Obnoxious, obsessive, offensive.
Addictive and compulsive.
My wife, Debbie, berating me for my smartphone behavior.
And on the tenth anniversary of the iPhone, I know that I’m not alone…nor is she.
But those comments are about my personal behavior and usage habits. Not about the iPhone.
She, as an iPhone user, would tell you how it’s changed her life for the better…while she shakes her head in dismay at how it’s changed mine not always so….
Check out this article from The New York Times from last October…she made me read it…twice:
And therein lies the dichotomy as we look back and contemplate what hath Apple wrought….
Forbes will help us set the stage:
Jobs stood on stage on January 9, 2007 and unveiled “An iPod. A Phone. And an Internet communicator.” The iPhone was unlike anything that had come before it. It combined a mobile phone and a music player in an easy to use package, leveraging (some might say cannibalizing) the popularity of the iPod. That first iPhone introduced us to the concept of apps and social media on-the-go. Overnight, a new world of sharing (and oversharing) your every moment and meal with your followers became as simple as taking a picture, going to the Facebook for iPhone page in Safari on your iPhone, then resharing…In the decade that’s followed, the iPhone has triggered a societal shift. We are always connected…The iPhone and all the devices it’s inspired in the decade since its inception have gone beyond “convenience” to “lifeline.”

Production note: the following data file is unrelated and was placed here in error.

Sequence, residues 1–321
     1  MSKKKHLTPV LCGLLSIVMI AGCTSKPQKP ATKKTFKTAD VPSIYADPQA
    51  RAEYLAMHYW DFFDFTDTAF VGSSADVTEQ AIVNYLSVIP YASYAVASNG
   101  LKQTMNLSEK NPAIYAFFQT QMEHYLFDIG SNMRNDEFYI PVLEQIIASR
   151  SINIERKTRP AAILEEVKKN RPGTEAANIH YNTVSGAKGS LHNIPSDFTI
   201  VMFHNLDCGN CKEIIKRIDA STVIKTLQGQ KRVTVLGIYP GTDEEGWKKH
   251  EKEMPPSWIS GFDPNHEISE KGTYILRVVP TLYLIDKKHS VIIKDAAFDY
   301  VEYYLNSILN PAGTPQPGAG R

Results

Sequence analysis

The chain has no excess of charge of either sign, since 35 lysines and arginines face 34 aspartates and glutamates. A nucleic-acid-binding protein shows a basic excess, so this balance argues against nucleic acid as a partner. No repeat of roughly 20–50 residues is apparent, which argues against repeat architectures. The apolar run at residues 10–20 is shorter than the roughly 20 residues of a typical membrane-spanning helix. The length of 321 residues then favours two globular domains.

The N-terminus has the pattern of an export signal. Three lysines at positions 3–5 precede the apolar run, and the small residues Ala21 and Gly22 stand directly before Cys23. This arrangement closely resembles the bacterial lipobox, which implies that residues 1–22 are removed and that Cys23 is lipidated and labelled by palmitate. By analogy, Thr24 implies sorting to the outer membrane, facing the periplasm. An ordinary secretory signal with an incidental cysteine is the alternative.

So whether or not you think it was a phone mashed into a player or a camera glommed onto a phone or an artifact from an alien visit to earth, it beat the hell out of Maxwell Smart’s shoe phone, which up until then, according to Mel Brooks, was the ultimate multi-purpose communications device ever thought of…even better than Star Trek….